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Let us assume we have a program of size $k$ that solves any instance of SAT of size $N < n$ in $poly(n)$ time. For every input of size $N \geq n$ the program is allowed not to solve it.

Then we might imagine an infinite sequence of programs of sizes $k_0 \leq k_1 \leq\ ...\ \leq k_i\leq\ ...$ which solves SAT up to the size $n_0<n_1<\ ...\ < n_i<\ ...$ in $poly(n):n<n_i$ time. And if an instance is solvable by $i^{th}$ program in $T_i(n)$ time, it's also solvable by $i+1^{th}$ program in at most $(1+1/\Omega(poly(n))T_i(n)$ time.

Also we assume the sequence is unbounded and no better sequence exists. $\forall m\in\mathbb N\ \exists i\in\mathbb N: k_i>m.$

Does the last statement mean $\mathsf{P\subsetneq NP}$? And what if we put other complexity classes and functions there?

P.S. I said time in first statement but regarding other complexity classes we might put space there too.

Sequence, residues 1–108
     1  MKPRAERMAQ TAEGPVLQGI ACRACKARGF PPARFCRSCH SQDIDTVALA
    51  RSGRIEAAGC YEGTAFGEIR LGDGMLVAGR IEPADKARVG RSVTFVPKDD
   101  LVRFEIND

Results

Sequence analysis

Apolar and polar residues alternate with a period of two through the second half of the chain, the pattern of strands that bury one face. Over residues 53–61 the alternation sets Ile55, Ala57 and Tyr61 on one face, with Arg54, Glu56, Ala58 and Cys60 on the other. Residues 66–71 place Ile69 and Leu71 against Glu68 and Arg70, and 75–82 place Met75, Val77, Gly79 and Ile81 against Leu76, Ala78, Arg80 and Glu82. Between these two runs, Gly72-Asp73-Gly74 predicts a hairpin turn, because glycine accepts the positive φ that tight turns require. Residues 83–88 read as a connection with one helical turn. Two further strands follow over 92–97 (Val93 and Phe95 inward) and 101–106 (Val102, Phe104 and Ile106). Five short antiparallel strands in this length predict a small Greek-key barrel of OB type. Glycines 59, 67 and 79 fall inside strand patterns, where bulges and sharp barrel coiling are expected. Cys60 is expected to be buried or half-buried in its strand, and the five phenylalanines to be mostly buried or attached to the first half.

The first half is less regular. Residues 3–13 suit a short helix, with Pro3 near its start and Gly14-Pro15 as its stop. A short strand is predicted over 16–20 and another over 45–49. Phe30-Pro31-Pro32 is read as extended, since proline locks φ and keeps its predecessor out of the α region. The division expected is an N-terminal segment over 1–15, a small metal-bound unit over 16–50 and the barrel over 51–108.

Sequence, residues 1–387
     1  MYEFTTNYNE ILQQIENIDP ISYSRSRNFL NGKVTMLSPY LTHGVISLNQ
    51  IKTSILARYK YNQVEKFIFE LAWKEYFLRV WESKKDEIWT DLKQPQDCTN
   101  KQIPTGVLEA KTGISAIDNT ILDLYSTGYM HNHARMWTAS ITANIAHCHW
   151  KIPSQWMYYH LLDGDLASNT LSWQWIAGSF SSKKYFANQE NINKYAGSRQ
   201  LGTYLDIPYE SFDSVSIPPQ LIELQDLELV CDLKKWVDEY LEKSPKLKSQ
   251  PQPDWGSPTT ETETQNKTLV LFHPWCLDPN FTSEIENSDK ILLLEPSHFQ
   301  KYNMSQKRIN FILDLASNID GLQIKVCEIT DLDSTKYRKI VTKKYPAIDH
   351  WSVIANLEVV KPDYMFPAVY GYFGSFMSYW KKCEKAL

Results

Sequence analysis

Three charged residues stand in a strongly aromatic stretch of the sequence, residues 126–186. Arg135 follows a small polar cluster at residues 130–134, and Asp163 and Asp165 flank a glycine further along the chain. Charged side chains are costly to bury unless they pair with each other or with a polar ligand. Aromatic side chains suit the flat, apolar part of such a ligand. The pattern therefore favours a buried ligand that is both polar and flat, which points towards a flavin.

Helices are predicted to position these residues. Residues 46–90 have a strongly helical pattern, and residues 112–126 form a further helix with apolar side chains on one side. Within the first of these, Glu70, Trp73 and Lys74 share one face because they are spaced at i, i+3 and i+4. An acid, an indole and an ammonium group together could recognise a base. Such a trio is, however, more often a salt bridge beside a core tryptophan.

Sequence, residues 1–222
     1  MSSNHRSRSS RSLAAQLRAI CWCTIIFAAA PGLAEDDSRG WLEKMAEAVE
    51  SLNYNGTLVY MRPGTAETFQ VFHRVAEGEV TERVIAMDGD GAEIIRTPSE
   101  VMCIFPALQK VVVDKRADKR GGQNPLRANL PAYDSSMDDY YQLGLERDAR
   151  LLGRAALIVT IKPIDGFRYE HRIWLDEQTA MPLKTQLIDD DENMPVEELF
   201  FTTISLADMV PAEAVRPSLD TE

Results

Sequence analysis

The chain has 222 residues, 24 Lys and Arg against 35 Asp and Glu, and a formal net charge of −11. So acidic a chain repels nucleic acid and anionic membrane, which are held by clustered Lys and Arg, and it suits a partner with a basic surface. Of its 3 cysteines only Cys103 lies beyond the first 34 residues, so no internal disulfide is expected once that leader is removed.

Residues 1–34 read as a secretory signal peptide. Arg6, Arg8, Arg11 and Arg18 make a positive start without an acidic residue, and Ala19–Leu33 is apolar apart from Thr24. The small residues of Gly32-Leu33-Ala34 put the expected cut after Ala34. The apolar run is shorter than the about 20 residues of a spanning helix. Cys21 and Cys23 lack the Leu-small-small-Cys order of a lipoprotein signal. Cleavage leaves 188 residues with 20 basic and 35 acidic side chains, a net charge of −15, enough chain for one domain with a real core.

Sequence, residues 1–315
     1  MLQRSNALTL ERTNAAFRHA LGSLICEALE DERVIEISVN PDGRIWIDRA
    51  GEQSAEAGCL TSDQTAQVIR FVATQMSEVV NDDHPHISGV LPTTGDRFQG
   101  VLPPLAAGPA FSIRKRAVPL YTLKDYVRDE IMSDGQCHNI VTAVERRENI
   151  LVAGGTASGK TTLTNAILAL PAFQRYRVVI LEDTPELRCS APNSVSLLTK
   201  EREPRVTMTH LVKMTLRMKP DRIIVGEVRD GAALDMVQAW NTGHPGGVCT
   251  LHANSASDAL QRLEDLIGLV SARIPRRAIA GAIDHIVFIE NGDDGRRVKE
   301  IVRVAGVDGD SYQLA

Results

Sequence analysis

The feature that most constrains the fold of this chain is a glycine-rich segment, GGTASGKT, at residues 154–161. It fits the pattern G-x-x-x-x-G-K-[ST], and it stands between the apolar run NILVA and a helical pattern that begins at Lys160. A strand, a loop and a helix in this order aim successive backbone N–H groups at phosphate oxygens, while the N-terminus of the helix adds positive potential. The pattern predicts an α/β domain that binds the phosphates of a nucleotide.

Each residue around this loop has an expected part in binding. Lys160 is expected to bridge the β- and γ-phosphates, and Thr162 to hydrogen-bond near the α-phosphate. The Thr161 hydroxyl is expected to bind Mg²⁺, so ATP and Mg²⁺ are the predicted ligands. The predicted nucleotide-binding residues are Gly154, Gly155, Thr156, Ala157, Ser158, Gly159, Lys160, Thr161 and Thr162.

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  • $\begingroup$ Why do you think the last statement means $\mathrm{P}\subsetneq \mathrm{NP}$? $\endgroup$ – xskxzr Apr 1 '18 at 3:44
  • $\begingroup$ @xskxzr, I'm not sure whether $P = NP$ requires a finite deterministic program that solves all instances of NP-complete problem in polynomial time. That's what I'm asking. $\endgroup$ – rus9384 Apr 1 '18 at 3:47
  • $\begingroup$ Of course, a program must be finite. To show $\mathrm{P}\subsetneq\mathrm{NP}$, you must show no program can solve any instance of SAT in polynomial time, but what does such an infinite program sequence contribute to? $\endgroup$ – xskxzr Apr 1 '18 at 4:41
  • $\begingroup$ @xskxzr, that's the thing: while there is no program that solves all instances of SAT, there can be a program that solves all real-life instances of SAT efficiently. In fact, I think, that's the way how AI is devising algorithms. $\endgroup$ – rus9384 Apr 1 '18 at 12:37
  • $\begingroup$ It makes no sense to say an algorithm solves SAT correctly on inputs of length $\le N$ in polynomial time. The running time of an algorithm is an asymptotic property, and is meaningless in regard to a finite set of inputs (unless your using a different definition of running time). For every $N$, there exists an algorithm which correctly solves sat instances of length $n<N$, and runs in constant time. Additionally, it seems that on the one hand you're looking for an upper bound (algorithm for solving sat), but on the other hand you're interested in a lower bound consequence (namely $P\neq NP$). $\endgroup$ – Ariel Apr 1 '18 at 13:01

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